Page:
What I learned in grad school, part n

So getting a Ph.D. in chemical engineering takes a long time and costs a lot of money. What else did I learn in six years? Here’s a short list:

1. My own limitations. I know I need supportive players working with me to keep me going. And I don’t just mean cheerleaders who drone on about what a great job I’m doing. A give-and-take attitude to doing science is healthy. I often have impulses to jump on to the next grandiose idea, even before I have fully worked through all the ones already on my plate. I’ve met other people who I feel dwell too much on the details, inching their project forward uninteresting bit by uninteresting bit. Real value, and real progress, comes from finding the middle ground.

2. The process, and not so much the project, is important. I now realize, after the long slough through grad school, that excelling at research does not depend on picking the best project. It’s about sustaining and pouring out your creative energies into the project, it’s about dreaming up experiments rather than dreaming up results, it’s about evaluating the data you already have without prejudice and following it where it leads. A lot of grad students lose interest in their project at some point during their doctorate. I did too, and in retrospect, it was in part due to a misplaced belief that researching an inherently great project that leads to success.

3. The magic of MIT. This place is awesome. When I see freshmen quizzing each other on the details of the biochemical pathways they have to memorize for 5.07 as they walk to lunch, I smile. When I look at MIT’s events calendar, sometimes I fantasize about taking a week of vacation to just attend lecture, talks, symposia, conferences, and discussions. I could have a beer and talk energy with folks in the MIT Energy Club and then drift over to Sloan and hear a talk about sugarcane agriculture in Brazil. While I’m at it, why not stop by one of the many venues at which undergrads show off their wacky creations, inventions, and ideas? There’s just so much. Maybe all big-name universities are like this. I don’t have much to compare my MIT experience to, but it’s been an absolutely marvelous experience.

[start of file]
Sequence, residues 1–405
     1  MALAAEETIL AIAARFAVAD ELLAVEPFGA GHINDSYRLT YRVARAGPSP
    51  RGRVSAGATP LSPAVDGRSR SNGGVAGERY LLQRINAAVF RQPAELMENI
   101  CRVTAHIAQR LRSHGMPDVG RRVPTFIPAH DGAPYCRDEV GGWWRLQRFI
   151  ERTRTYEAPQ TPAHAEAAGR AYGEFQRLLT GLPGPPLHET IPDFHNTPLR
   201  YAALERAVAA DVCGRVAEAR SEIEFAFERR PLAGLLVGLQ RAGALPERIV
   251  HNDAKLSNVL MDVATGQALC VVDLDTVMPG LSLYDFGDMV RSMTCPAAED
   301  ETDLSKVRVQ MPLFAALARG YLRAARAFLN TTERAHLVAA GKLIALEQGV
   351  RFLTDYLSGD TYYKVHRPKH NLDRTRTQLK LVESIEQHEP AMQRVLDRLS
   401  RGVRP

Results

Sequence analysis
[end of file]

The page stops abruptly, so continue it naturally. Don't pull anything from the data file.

4. Expectations about reality often disappoint. Research is the most fun when you don’t have strong expectations about the result of your experiment. The disappoint of having an idea proven wrong can seem worse than the excitement of being proven right. A related lesson for impatient people like me is that it also works best when most of your laboratory manipulations are experiments. For example, complicated assembly of synthetic gene constructs can take a long time and could easily bore me, if I were doing was following protocols. For me, making an experiment of each step was a great way to keep things interesting. What’s the best concentration of DNA to use for a ligation in step 7 of my one-month-long cloning procedure? OK, maybe it wasn’t the most groundbreaking science, but at least it was a scientific question. And keeping scientific questions in my mind helped stave off thoughts that I was just a brainless “fluid transfer specialist” pipetting fluids from one eppendorf tube to another.

5. Time is a scarce resource. Professors are very good at managing their time. If they can’t bring their full attention to a long, individual meeting with me, they don’t. Most of the faculty I interacted with had no reservations about telling me they didn’t have time to meet with me this week (or month). But, this is the key point. It’s almost always better to bug someone and have them shoo you away than to never have approached them at all. Visibility is good, and asking for someone’s time keeps you on their radar screen, even if they don’t give you any. Maybe this is true in big labs run by overstretched, always-traveling, hands-off PIs, and not in others, but the tales of many friends and colleagues, in addition to my own experience, vindicates this truism.

6. The sign of the progress derivative is more important than the magnitude. The most important thing in research is progress. In part, this is because your PI, your thesis committee, your grant manager, and your collaborators all expect you to make progress. But mainly, constant progress is a must for mental health and motivation. It goes without saying that great progress is better than no progress, but letting the perfect get in the way of the good is a mistake I think many graduate students make, especially when starting out. I know I did.

7. I learned a lot about chemical engineering and biotechnology, too, of course, but if you want to know what all those lessons were, you will have to get a Ph.D. in these topics yourself.


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